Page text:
Quilt No.55GPM - Griffith Pioneer Park Museum

Griffith Pioneer Park Museum
Griffith Pioneer Park Museum
NSW Riverina
Angela Zilliotto's mother
Made in
1921 - 1940
Wholecloth quilt, yellow sateen both sides. Hand quilted in geometric and curvilinear patterns. Edges turned in, hand finished. Stuffed with flock-like material said by the donor to be wool. Approximately 2.5cm thick.
2500 x 2000mm.

Brought to Australia in 1949 by Angela Zilliotto (born Torresan) 1915 - 1958 born at Crespano Del Grappa in the Veneto region of Northern Italy, possibly made by her mother.
Donated to Griffith Pioneer Park Museum by Angela's daughter, Nazzarina Zilliotto. Angela was the first wife of Milio Zilliotto.


"Recently Poineer Park acquired an item of particular interest � It was a handmade quilt from Italy donated by Maria Zilliotto in the name of her mother, Mrs Angela Zilliotto... [who] � died in 1958. As far as Maria knows, her mother brought it to Australia when she came to join her husband, Milio Zilliotto, in Griffith in 1949. Angela had been a teacher in Venica, but because of her lack of English took up dressmaking here.
The quilt is thought to have been made by Angela's mother� Italian households, like that of Angela's family, used to keep a few sheep. When a quilt was required, often to mark a special occasion such as a daughter's wedding, the fleece were stored up over a period of time until there was sufficient for the filling. Before making the quilt, the wool was washed, treated and spread between lining layers. Then the lining sandwich, with top and bottom covers, was stretched out on a frame. Several quilters might work on the quilt at once, moving around the frame as necessary. If a family did not do their own quilting, they would employ a specialist home quilter.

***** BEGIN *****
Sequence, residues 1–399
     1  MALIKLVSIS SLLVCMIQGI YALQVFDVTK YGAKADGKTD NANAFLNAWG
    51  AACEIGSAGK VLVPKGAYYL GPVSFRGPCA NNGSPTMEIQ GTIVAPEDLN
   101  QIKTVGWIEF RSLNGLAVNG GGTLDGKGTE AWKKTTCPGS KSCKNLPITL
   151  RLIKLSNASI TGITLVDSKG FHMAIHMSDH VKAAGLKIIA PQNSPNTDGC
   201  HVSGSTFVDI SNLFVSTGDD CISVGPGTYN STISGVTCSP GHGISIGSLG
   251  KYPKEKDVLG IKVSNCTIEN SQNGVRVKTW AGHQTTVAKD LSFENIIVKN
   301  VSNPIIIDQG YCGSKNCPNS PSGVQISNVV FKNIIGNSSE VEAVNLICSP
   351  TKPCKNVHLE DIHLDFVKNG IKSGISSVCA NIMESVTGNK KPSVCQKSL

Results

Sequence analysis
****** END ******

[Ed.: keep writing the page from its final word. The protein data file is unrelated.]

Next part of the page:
The design of the Zilliotto quilt is also reminiscent of the British quilts that have survived. Like them, it is a wholecloth quilt, made from the same material throughout � It is made from cotton sateen � Also popular in Britain, and uses similar simple geometric and floral designs - with a very Celtic look to the central motif. Two other quilts at the Zilliotto home shared these features, with plainer geometric design.. �
Perhaps the most unusual feature of the Zilliotto quilts is their thickness. � ..The Italian quilts however are three to four centimetres thick. They must have been even thicker before they were quilted, and before years of use packed the filling down - very difficult to sew through � but very warm."
[Robyn Oliver, curator Griffith Pioneer Park Museum, article in The Area News 16.8.1993]

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